Update on the too-close-to-call races

It has been over a week since election and there are still a handful of Federal elections that are still too close to call.

Overnight in Alaska, Republican Senator Ted Stevens has lost his lead over Anchorage Mayor Mark Begich. As of yesterday, Begich had a 814 vote lead over Stevens. Still, there are nearly 40,000 votes that still need to be counted. Counting starts again today and we will have new numbers by the end of the day.

In Minnesota, nothing has changed. Senator Norm Coleman still has a 206 vote lead over Democratic challenger Al Franken. The recount hasn’t started yet, but should some time next week.

In Georgia, John McCain has stated that he will help Saxby Chambliss in the Senate race in that state. On the other hand, the Tim Martin campaign said that nobody should expect Barack Obama to come down to the Peach State anytime soon.

In the House there are still three races that are too close to call.

According to Megan Savage of The Lantern (the Ohio State University newspaper), Mary Jo Kilroy’s Communications Director Brad Bauman said that they are “in a bit of a holding pattern right now.” Franklin County, Ohio still has 20,000 to 30,000 votes to be counted with only a 393 vote difference between Steve Stivers and Mary Jo Kilroy.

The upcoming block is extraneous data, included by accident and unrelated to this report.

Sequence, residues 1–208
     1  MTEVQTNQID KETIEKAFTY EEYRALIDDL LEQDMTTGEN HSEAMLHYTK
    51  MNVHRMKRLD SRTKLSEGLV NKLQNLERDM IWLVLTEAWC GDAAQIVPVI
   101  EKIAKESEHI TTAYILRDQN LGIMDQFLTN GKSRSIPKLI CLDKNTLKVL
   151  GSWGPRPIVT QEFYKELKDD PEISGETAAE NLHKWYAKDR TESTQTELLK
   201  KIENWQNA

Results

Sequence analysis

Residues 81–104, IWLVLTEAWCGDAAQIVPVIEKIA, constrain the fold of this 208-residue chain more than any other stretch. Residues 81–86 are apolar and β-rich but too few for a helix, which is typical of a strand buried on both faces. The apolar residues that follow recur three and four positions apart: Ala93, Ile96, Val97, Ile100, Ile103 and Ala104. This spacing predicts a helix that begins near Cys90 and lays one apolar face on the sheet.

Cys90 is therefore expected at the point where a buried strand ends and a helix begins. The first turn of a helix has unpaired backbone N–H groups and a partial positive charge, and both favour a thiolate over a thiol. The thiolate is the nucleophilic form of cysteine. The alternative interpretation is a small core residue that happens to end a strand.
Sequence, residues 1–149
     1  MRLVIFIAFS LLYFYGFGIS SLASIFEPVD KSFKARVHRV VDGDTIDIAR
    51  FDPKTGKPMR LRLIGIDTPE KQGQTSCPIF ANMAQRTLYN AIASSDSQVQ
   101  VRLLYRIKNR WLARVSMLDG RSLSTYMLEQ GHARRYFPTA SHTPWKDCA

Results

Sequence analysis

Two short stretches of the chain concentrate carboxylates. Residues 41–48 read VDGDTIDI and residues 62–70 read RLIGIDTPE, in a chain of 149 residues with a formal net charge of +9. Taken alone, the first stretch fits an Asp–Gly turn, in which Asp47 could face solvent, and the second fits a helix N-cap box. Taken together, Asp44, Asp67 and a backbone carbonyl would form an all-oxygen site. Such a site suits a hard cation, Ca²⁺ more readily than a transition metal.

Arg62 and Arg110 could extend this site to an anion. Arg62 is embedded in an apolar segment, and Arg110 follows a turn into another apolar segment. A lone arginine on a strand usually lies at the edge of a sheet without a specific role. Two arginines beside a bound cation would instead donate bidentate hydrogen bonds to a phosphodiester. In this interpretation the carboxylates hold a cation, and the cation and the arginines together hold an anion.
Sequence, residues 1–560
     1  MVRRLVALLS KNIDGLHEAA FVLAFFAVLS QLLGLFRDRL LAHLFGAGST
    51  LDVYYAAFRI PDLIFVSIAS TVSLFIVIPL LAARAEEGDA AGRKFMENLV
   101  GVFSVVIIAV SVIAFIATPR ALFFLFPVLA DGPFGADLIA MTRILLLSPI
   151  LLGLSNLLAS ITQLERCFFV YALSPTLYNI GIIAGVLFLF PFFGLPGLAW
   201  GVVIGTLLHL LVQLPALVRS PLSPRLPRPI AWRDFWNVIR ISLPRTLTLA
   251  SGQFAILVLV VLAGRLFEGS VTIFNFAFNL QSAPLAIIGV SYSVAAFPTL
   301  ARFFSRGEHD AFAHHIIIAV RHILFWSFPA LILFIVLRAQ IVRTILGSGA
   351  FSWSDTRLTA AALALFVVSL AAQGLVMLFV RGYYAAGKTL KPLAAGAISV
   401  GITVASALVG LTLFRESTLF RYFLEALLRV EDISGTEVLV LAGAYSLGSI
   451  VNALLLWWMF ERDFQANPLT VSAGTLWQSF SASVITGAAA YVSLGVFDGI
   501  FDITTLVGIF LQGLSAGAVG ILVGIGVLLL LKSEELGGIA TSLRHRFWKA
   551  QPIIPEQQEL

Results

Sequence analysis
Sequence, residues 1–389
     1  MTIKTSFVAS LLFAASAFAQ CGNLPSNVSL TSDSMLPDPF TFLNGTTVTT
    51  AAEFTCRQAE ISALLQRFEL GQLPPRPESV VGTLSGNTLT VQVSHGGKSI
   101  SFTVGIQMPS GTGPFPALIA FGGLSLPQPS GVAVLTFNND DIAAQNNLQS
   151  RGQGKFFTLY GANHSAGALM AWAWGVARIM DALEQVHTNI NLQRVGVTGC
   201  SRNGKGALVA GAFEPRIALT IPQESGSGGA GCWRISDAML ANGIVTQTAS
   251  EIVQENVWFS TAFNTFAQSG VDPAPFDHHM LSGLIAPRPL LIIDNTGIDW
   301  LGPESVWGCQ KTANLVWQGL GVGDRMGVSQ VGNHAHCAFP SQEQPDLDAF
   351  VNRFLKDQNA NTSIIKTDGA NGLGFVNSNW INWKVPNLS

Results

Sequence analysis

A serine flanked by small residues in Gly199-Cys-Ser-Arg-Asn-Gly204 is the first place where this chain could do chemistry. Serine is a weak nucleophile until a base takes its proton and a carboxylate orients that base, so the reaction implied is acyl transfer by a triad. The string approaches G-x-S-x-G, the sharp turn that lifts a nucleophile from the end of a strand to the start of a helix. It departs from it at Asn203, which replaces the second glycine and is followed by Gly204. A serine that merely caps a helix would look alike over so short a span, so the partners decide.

In the Virginia 5th, media sources are starting to declare Democratic challenger Tom Perriello the winner over Republican incumbent Virgil Goode. According to the Boorkneal Union-Star, with only 10 votes left to be confirmed, Perriello holds a 407 vote lead. The results will be officially certified on November 24th, where at that time Goode can challenge those results, which he will more than likely do. Out of the seats that are currently undecided, this is the one that is most decided. It is highly unlikely that Virgil Goode is going back to Congress.

In the California 4th, thousands of votes still need to be counted in the race between Republican Tom McClintock and Democrat Charlie Brown. Currently, McClintock has 928 vote lead over Brown.

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